Lakota is using these new ‘guardrails’ to protect its district finances

Lakota Board of Education has recently approved three new financial strategy policies they contend will better help the 16,500-student avoid any budget shortfalls in the future.
Lakota Board of Education has recently approved three new financial strategy policies they contend will better help the 16,500-student avoid any budget shortfalls in the future.

A once-divided school board overseeing the region’s largest suburban district has now put on a unified front after coming to a three-part agreement on financial strategy for its future.

The Lakota Board of Education approved three new finance policies earlier this month making policies to address concerns some of the board members had regarding budget deficit projections made last year.

“We’re putting these guardrails in place,” said Jenni Logan, treasurer of the 16,500-student district, which is also the eighth-largest school system in Ohio.

“The community should feel reassured that we are putting things in place that structures the way we assess our finances (and) I think it speaks volumes that we’ve gone to these steps,” said Logan.

Such specific financial strategy policies are rare among area school systems. Often school boards come to such plans informally rather through written and voted on policies.

In October school board member Lynda O’Connor registered her concerns – and a dissenting vote – against approving a five-year budget projection that included a $3.7 million shortfall in the fifth year.

At the time and since, O’Connor has said the district needs more precise guidelines to assure Lakota’s financial state remains solvent.

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Until winning voter approval of a new operating levy in 2013, Lakota Schools had seen rejections of proposed operating tax hikes and periodically deep budget cuts in personnel and programs since 2005.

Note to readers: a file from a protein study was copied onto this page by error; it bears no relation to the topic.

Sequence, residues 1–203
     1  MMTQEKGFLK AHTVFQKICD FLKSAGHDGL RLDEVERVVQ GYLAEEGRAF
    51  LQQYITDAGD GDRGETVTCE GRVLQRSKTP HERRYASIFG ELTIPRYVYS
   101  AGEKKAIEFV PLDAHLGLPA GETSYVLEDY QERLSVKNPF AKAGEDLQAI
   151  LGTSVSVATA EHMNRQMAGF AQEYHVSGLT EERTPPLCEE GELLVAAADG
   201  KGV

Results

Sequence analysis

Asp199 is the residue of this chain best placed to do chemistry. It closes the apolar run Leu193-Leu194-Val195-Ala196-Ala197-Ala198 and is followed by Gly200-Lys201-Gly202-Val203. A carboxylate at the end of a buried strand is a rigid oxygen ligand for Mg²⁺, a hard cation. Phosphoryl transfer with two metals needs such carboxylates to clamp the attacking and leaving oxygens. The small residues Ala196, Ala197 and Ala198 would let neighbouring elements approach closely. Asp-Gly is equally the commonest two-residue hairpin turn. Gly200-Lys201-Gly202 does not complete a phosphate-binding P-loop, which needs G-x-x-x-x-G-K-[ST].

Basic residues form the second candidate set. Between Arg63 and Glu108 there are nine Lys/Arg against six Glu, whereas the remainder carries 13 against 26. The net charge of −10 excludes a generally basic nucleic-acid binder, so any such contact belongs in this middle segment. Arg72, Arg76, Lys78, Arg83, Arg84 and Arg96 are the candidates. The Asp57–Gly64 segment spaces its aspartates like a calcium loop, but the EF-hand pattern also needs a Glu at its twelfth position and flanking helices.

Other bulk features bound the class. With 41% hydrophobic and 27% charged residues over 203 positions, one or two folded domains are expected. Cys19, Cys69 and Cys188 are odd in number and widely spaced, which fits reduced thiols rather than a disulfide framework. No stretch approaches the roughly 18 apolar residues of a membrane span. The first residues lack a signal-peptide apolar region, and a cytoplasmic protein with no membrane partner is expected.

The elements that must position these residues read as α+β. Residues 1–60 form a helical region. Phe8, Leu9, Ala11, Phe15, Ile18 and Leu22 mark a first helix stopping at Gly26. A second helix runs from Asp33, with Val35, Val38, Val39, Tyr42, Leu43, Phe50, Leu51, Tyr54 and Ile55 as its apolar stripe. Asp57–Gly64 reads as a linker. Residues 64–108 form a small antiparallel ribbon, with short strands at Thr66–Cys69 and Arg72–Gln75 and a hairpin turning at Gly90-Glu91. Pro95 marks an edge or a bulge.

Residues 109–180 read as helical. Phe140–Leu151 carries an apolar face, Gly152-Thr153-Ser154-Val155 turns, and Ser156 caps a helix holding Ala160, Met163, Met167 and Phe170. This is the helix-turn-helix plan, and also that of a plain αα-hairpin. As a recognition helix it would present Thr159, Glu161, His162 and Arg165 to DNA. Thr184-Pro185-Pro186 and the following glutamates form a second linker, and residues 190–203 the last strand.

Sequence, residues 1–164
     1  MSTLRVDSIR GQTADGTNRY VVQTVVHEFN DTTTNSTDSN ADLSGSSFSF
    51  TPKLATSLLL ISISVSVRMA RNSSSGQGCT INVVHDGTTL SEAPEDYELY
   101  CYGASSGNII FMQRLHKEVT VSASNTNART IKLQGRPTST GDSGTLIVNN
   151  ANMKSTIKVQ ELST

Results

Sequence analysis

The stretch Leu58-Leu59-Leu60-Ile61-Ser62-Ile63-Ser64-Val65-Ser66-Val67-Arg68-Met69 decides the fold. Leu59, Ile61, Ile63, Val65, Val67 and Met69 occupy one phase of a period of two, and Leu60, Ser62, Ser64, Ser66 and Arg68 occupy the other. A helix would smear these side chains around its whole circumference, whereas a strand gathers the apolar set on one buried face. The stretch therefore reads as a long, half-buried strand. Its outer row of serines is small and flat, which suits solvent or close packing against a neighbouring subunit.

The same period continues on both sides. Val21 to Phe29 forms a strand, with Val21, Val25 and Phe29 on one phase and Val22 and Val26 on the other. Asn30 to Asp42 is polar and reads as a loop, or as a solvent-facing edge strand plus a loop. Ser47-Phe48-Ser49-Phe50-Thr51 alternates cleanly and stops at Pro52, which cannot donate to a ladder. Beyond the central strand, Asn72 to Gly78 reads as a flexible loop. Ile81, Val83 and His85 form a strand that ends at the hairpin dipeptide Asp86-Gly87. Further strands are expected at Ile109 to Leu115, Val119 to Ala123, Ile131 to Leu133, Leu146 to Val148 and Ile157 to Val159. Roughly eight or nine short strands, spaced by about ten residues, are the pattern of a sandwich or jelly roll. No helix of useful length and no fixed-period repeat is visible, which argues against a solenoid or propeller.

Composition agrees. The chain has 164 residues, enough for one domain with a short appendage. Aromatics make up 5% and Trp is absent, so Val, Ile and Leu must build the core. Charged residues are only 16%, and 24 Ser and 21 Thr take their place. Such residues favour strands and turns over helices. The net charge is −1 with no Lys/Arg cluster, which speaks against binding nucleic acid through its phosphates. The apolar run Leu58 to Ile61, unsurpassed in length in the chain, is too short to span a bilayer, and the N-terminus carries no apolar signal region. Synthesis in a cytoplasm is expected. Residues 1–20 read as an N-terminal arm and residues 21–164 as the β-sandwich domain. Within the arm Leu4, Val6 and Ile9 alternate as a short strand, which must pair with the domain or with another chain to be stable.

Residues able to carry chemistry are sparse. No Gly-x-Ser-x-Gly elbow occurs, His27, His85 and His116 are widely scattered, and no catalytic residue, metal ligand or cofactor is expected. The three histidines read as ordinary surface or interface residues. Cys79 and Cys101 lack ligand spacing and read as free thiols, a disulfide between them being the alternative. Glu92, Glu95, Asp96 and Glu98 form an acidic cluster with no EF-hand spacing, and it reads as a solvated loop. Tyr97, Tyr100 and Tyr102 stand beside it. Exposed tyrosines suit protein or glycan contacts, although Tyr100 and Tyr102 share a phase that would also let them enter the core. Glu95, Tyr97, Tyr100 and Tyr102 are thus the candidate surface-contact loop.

But now O’Connor has joined other board members in supporting the three new financial policies but the task of keeping the Butler County school system financially healthy remains, she said.

“The policies are a good place to start, but not the final outcome,” said O’Connor in a statement released by Lakota officials.

“I think putting into policy a philosophical statement that we as a board believe we should follow - practices that lead us to a balanced budget - is an important step in ensuring our financial stability and the health of the district,” she said.

But, O’Connor added, “sustainability remains an issue for me on any long term plan.”

The three new policies are:

• A budget stabilization policy, which sets rules and guidelines for the district to have reserve funds – commonly referred to as a “rainy day fund” - in place within the general operating fund.

• A cash balance reserve policy, sets the balance of the cash reserve funds at a 90-day minimum of operating expenditures. The policy also states that the financial goals of the district should align with Lakota’s strategic plan, introduced in January of this year, and its instructional goals.

• A structurally balanced budget policy, more clearly defines the goals surrounding a balanced budget as it relates to recurring revenues and expenditures.

The three policies came from Lakota’s Finance Committee, which is composed of board members O’Connor and Kelley Casper, district officials and local business leaders.

The collaborative effort began after the school board’s October budget deficit projections.

“We, as a district and with the guidance of our treasurer, have worked hard to get to financial stability,” said Casper. “These new policies are guardrails for us to continue being good stewards of our taxpayers’ dollars while providing the excellent education our students deserve and our community expects.”

“Lakota Schools is financially sound,” said Logan. “We have not only exceeded the levy promises, but continue to be good stewards of our community’s tax dollars.” The levy, which passed in 2013, promised 10 school resource officers, of which the district now has 18.”

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“Additionally, seven class periods were brought back to ninth grade students in 2014 and in January of this year, a more robust seventh period option was offered at the high school main campuses.”

And Logan said, “in 2018, daily specials, including a new health and wellness class, were brought back to primary grades and all-day kindergarten was introduced.”